Here at Beebo, there is nothing we enjoy more than pandering to our readers.
In that spirit of shameless pandering, here is a follow-up post about the Silvio Berlusconi attack, in honor of loyal Beebo reader Rico "Ice" Hertz, who called Silvio a "douche," further explaining, "Nice shot, crazy man!"
Apparently, lots of people in Italy share that sentiment, as evidenced by this latest Silvio-related souvenir now for sale in Naples.
In searching for more information about this admirably opportunistic product, I mistakenly searched on the key words "Silvio Berlusconi" and "model." The only story I found was this one: 'Shameless' Silvio Berlusconi buys 18-year-old model a gold necklace for her birthday and calls himself 'her little daddy teacher.' Yikes!
And here is a weird follow-up incident, hot off the press (from the New York Times). Apparently, Silvio is a freak magnet:
Man Arrested Trying to Enter Berlusconi’s Hospital Room
ROME — Three days after an attacker left him with a fractured nose and broken teeth, Prime Minister Silvio Berlusconi was at the center of another bizarre episode Wednesday when police arrested a man who entered the hospital where he is being treated at around 2 a.m., ostensibly to talk to him.
Mr. Berlusconi, 73, was admitted to the San Raffaele hospital in Milan on Sunday after being struck in the face by a man wielding a statuette depicting the Milan cathedral. Massimo Tartaglia, a 42-year-old man with a history of psychological problems, was held after the attack.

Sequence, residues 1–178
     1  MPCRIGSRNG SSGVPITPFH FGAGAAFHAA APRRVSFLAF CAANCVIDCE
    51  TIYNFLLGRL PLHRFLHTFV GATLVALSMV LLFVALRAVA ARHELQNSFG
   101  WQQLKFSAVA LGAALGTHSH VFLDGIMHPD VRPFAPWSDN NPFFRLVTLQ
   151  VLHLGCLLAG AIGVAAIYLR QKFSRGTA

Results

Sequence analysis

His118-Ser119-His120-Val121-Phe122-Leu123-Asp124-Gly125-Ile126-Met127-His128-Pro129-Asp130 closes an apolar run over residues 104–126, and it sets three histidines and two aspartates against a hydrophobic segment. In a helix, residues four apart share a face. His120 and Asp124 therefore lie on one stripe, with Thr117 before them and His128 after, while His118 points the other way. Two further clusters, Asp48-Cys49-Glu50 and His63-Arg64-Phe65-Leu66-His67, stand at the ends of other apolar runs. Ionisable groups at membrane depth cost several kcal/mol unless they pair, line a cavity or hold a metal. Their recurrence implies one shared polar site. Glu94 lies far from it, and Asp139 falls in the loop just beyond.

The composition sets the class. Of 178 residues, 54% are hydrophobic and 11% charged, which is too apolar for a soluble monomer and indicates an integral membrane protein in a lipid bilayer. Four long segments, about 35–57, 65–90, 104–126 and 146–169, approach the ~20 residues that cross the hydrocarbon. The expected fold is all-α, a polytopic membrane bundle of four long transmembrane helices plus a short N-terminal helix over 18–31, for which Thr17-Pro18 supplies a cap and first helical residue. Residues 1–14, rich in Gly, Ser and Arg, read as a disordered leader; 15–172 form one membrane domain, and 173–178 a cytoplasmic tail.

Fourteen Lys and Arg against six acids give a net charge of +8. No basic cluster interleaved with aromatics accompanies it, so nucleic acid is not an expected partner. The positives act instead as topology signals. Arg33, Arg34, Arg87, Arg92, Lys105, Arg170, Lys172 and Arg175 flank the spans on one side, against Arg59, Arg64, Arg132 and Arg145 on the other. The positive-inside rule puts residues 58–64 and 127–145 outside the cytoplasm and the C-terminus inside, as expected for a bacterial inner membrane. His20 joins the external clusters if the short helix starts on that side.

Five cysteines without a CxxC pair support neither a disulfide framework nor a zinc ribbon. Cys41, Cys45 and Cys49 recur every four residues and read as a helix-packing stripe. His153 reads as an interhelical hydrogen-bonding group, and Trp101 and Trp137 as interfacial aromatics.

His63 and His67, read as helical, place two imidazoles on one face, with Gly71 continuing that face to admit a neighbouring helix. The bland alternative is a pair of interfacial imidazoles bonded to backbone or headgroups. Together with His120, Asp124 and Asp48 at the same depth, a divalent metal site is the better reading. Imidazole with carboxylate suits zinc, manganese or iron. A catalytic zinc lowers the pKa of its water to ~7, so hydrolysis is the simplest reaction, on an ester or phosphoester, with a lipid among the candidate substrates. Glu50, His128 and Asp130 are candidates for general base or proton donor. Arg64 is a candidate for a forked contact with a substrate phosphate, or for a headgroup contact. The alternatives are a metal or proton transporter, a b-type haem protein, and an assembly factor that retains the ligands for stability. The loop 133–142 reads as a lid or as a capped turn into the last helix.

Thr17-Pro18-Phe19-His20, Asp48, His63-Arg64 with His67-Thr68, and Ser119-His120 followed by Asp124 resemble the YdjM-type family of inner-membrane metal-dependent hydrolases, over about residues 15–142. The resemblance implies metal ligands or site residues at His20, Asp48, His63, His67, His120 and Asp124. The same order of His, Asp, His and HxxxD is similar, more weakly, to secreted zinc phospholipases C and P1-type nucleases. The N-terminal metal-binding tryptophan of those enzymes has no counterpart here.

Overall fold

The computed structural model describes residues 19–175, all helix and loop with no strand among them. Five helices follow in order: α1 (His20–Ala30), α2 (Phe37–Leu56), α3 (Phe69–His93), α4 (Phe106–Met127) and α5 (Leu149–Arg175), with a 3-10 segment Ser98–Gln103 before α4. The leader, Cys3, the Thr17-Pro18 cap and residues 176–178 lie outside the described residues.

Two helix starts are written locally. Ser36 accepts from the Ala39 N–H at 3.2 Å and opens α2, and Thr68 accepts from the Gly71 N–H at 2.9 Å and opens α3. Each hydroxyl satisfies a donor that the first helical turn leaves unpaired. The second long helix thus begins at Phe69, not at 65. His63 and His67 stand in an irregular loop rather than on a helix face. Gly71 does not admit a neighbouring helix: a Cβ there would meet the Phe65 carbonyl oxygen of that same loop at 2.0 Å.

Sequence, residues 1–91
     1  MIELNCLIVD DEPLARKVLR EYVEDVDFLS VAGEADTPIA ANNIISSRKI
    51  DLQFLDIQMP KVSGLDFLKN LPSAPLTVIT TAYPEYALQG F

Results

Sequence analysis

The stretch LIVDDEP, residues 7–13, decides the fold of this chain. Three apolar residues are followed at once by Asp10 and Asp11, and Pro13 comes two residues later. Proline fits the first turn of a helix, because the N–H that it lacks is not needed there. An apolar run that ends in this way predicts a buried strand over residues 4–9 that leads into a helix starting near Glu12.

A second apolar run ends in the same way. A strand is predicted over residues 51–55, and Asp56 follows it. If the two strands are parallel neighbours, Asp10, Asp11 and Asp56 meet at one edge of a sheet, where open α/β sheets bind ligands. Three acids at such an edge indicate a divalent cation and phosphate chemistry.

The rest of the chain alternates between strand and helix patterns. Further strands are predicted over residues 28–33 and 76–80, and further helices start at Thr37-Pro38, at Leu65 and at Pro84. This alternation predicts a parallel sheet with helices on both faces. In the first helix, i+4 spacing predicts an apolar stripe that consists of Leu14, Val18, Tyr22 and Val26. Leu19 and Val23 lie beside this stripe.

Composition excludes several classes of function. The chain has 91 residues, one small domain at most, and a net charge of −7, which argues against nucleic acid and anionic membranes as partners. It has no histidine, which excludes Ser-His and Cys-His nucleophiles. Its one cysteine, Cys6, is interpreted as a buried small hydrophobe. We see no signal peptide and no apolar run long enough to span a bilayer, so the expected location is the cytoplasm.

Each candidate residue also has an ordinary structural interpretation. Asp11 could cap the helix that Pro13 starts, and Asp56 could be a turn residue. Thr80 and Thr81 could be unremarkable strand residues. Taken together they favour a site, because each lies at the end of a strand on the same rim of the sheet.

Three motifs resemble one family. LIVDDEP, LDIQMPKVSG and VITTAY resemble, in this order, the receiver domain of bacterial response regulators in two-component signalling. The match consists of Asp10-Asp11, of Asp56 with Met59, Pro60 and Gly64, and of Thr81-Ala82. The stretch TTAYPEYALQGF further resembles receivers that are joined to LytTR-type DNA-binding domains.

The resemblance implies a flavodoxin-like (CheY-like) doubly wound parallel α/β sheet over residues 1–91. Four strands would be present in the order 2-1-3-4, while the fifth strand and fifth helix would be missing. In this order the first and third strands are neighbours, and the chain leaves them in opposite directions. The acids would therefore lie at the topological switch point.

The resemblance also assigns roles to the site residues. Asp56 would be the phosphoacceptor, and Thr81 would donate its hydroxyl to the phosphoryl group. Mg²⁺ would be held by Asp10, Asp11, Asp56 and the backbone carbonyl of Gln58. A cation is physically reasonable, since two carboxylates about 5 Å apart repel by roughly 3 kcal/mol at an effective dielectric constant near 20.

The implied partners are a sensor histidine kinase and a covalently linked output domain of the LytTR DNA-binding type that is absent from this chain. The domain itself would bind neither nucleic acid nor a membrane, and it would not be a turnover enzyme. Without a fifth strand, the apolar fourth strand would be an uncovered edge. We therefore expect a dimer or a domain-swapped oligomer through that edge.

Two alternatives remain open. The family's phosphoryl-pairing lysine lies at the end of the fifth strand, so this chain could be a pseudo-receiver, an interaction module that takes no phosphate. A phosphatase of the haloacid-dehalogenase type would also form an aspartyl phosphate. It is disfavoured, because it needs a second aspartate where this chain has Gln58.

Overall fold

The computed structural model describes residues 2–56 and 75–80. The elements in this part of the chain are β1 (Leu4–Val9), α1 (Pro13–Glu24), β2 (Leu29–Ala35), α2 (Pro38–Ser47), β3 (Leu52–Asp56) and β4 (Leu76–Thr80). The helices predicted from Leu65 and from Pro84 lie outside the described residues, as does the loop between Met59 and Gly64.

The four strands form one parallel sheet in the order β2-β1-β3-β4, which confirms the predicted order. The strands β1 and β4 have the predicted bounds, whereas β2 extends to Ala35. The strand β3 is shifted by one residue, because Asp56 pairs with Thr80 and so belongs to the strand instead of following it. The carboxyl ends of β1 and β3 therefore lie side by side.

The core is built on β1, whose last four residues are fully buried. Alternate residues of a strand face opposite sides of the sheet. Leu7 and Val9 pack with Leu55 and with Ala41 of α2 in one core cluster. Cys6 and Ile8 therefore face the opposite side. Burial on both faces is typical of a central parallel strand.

Early Wednesday, the police said, a 26-year-old man took the elevator to the hospital’s seventh floor where the Italian leader is recuperating.
News reports described the man as apparently mentally unstable. He was not reported to be carrying weapons or dangerous objects and had merely shown an interest in talking to Mr. Berlusconi.
The incident offered a new twist in a saga that has riveted Italy, reflecting what conservative politicians and news outlets called part of a “climate of hatred” that had polarized the nation into pro- and anti-Berlusconi camps.
Over the past year, political passions have coursed through the nation with unusual intensity as the billionaire prime minister faced several corruption trials and his personal life came under scrutiny. His wife, Veronica Lario, announced that she was divorcing him and accused him of conducting relationships with young women.
The emotions have spilled over onto the streets and into cyberspace with groups on Facebook supporting the attack on Mr. Berlusconi.